Summoned to success by President Barack Obama, the Democratic-controlled Congress approved historic legislation Sunday night extending health care to tens of millions of uninsured Americans and cracking down on insurance company abuses, a climactic chapter in the century-long quest for near universal coverage.
"This is what change looks like," Obama said a few moments later in televised remarks that stirred memories of his 2008 campaign promise of "change we can believe in."
Widely viewed as dead two months ago, the Senate-passed bill cleared the House on a 219-212 vote. Republicans were unanimous in opposition, joined by 34 dissident Democrats.
A second, smaller measure — making changes in the first — cleared the House shortly before midnight and was sent to the Senate, where Democratic leaders said they had the votes necessary to pass it quickly. The vote was 220-211.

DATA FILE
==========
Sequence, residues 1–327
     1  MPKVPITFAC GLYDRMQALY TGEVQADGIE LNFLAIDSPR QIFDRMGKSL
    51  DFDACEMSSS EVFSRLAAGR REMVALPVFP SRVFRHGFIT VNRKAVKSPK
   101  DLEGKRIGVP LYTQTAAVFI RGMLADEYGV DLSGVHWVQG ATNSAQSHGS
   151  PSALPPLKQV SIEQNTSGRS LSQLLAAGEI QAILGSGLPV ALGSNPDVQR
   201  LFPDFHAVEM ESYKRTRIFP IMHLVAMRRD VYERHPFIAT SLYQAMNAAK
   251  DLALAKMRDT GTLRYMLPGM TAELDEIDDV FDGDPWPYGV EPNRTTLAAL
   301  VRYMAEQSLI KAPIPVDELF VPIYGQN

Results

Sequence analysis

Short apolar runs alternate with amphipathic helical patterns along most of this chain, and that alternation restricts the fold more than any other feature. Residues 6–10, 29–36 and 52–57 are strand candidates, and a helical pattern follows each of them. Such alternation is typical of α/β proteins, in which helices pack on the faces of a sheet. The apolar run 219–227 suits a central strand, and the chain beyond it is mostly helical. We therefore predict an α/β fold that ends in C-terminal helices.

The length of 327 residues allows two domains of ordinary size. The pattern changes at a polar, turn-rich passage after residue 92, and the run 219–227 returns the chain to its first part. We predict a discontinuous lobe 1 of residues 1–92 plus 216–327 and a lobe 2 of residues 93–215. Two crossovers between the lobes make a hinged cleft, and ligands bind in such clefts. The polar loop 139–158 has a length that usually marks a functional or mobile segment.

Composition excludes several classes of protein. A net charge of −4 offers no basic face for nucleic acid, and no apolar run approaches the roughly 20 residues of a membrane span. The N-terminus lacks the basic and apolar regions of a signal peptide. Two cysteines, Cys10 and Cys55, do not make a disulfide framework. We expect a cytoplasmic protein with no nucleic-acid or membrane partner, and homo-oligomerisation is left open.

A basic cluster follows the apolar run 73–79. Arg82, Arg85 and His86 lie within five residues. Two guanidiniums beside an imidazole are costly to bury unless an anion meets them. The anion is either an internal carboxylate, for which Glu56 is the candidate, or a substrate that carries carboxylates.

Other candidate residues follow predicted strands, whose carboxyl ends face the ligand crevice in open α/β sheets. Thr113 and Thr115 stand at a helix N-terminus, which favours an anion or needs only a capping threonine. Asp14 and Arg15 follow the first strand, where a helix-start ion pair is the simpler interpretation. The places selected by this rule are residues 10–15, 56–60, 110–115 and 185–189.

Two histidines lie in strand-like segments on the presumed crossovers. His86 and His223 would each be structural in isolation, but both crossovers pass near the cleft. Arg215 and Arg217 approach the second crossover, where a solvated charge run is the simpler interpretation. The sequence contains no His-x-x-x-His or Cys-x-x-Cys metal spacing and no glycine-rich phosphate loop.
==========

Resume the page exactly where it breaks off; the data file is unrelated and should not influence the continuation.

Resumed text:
Obama's young presidency received a badly needed boost as a deeply divided Congress passed legislation touching the lives of nearly every American. The battle for the future of the health insurance system — affecting one-sixth of the economy — galvanized Republicans and conservative activists looking ahead to November's midterm elections.
Far beyond the political ramifications — a concern the president repeatedly insisted he paid no mind — were the sweeping changes the bill held in store for Americans, insured or not, as well as the insurance industry and health care providers that face either smaller than anticipated payments from Medicare or higher taxes.